Video Credit: Protect Our Defenders
Military sexual assault (MST) is a problem that went under-acknowledged for decades. However, thanks to the documentary The Invisible War and other attempts to bring the issue to light, fewer sexual assaults are occurring and a greater percentage are being reported.
As a physician at the Veterans Administration (VA), I see these victims on a daily basis. And when I tell people outside of the military how prevalent MST is, they generally assume the victims are primarily female.
But they’re not.
According to the 2016 Workplace and Gender Relations Survey for Active Duty Members, the prevalence of men in the service who were victims of sexual assault last year was .6%. In 2016, that amounted to 6,300 men being assaulted.
In fact, over half of the sexual assaults in the military are perpetrated against men. So while a greater percentage of women are victims of sexual assault, the fact that there are far more men than women in the service means that male victims outnumber female victims.
In fact, men are more likely than women to have suffered five or more unwanted sexual events in the past year. And while almost 1 in 100 servicemen is victimized, only 17% report the assault. That means that the overwhelming majority go unreported.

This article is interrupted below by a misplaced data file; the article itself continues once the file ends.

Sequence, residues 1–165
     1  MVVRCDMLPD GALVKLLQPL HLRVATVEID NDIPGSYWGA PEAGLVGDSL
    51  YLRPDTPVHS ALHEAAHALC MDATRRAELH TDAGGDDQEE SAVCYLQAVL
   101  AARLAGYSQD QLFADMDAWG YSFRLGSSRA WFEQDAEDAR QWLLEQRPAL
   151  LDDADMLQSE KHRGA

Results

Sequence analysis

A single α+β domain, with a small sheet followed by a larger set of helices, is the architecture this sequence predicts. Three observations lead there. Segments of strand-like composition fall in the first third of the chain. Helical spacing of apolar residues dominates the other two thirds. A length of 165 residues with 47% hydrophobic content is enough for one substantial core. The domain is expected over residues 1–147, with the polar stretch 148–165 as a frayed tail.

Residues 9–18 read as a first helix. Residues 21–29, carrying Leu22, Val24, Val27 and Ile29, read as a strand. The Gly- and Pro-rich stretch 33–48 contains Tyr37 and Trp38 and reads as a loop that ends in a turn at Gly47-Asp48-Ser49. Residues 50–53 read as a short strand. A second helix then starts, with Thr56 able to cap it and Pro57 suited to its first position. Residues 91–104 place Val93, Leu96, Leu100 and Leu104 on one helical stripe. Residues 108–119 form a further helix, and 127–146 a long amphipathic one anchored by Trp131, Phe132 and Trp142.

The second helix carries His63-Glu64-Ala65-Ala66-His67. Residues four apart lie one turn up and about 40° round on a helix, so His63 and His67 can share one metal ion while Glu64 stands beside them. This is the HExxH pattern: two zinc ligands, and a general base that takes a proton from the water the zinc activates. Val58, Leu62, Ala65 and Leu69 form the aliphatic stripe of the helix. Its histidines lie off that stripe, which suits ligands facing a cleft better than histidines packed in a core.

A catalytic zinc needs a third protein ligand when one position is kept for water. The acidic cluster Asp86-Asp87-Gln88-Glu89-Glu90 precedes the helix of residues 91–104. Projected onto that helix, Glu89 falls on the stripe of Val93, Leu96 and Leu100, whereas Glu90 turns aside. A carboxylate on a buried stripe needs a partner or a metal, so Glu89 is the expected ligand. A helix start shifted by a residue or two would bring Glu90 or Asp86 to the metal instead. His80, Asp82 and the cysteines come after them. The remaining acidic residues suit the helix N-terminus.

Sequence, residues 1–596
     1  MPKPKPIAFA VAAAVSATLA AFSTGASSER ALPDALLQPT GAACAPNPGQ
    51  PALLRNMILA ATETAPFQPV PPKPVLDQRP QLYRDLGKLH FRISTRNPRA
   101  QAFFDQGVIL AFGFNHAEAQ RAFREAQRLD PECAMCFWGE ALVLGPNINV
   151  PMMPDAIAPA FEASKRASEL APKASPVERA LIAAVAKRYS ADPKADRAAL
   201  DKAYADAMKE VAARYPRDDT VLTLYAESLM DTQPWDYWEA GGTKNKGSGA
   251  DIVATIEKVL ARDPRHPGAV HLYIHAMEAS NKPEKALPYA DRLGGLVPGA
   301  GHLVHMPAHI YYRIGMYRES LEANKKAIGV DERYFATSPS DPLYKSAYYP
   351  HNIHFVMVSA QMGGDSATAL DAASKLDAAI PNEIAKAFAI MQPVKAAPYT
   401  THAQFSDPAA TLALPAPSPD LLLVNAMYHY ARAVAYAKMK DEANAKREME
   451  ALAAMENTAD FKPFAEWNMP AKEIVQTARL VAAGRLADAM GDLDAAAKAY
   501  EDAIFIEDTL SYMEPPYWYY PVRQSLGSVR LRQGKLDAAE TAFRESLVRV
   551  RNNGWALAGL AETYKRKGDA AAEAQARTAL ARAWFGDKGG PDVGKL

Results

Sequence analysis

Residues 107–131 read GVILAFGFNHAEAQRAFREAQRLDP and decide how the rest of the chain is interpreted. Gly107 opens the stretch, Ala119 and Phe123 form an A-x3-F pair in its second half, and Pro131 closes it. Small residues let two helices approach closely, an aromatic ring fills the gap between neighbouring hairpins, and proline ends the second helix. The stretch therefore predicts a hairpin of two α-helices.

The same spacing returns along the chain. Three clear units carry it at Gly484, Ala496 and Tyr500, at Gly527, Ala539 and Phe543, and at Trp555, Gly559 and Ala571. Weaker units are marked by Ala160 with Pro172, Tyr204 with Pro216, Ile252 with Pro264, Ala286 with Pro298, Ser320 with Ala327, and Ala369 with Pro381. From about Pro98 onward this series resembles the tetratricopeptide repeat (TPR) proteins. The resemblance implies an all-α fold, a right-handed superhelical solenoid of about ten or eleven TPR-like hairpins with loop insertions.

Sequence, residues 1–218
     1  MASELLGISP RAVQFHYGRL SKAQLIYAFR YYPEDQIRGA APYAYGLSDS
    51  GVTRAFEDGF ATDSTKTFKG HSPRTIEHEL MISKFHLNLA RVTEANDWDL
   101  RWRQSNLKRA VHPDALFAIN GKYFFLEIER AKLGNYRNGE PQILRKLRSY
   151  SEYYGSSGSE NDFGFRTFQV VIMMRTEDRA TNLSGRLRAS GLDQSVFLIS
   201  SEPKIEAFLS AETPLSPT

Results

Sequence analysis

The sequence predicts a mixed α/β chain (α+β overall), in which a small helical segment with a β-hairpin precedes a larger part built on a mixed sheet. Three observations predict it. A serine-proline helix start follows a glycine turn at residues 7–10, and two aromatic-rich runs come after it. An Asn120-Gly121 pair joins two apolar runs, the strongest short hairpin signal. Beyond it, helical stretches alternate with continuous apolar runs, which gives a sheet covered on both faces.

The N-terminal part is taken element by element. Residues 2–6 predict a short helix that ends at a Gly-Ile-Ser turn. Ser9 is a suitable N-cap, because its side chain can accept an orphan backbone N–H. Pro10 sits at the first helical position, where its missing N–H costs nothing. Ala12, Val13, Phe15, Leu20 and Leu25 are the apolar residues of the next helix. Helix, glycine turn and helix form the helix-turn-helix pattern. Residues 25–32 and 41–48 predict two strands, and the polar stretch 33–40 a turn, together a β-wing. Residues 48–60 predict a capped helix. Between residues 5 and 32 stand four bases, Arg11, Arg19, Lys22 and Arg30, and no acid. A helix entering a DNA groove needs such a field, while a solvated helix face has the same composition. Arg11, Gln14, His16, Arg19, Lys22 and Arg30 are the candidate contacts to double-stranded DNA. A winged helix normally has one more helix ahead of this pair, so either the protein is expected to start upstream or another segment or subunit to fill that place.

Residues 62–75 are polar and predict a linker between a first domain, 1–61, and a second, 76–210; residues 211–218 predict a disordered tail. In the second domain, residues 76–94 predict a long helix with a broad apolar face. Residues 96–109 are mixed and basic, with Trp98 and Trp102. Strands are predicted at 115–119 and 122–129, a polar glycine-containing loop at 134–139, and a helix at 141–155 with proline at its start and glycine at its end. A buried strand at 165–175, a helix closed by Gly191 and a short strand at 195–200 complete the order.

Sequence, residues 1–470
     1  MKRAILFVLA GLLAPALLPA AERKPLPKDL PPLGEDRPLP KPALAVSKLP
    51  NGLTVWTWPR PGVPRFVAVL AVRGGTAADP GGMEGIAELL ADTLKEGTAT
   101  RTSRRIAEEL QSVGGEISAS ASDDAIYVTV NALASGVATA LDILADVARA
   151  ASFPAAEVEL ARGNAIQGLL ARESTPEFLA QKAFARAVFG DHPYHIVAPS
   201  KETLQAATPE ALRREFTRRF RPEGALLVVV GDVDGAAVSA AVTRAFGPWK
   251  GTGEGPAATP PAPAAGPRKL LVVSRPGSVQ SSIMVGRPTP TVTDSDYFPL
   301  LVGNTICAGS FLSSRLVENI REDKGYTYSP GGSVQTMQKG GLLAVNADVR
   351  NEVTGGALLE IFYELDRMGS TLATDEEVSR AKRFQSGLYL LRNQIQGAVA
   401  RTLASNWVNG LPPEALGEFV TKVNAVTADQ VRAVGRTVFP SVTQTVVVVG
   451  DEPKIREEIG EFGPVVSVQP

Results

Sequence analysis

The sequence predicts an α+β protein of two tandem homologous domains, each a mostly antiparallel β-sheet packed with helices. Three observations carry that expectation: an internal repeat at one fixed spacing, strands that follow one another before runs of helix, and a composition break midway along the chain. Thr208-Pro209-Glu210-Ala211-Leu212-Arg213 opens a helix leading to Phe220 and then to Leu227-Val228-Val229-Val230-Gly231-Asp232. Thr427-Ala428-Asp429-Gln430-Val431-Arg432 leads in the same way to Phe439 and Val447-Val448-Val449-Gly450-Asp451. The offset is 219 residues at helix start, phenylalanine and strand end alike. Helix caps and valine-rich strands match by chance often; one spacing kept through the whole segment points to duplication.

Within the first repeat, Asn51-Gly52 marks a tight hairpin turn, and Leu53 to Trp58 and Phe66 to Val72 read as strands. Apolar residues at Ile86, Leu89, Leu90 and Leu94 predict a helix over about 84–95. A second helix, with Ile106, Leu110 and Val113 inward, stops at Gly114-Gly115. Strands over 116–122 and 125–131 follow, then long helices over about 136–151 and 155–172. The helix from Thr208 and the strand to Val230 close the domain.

The survey also found that men were more likely to say they would never report the incident to anyone and were more likely to have considered reporting and then decided against it.
Sexual assault, whether in the service or in civilian life, has ramifications far beyond the assault itself. Many suffer from PTSD due to the incident, which is especially tragic as the military population is disproportionately affected by PTSD.
Per the VA’s own website, the prevalence of PTSD in Veterans from the Iraq, Afghanistan and Gulf wars runs between 11-20%, and is around 15% for Vietnam vets. This means that many of those suffering from sexual assault may have PTSD from multiple sources.
Luckily, the incidence of MST is decreasing and the number of victims reporting their assault is on the rise. While 83% of male MST going unreported is high, the number in 2014 was 90%, so progress is being made.
Physicians, like myself, who see service members as they are separating from the military are now required to give each person we see a pamphlet urging them to report MST.
With the current #metoo movement and a climate that appears to be increasingly supportive of victims revealing their assaults, it is hopeful that our servicemen begin to feel that they, too, will be supported should they come forward with their experiences.
This would help shed even more light on an all-too-common occurrence, and it would also to help these men get the treatment they need to begin their own process of healing.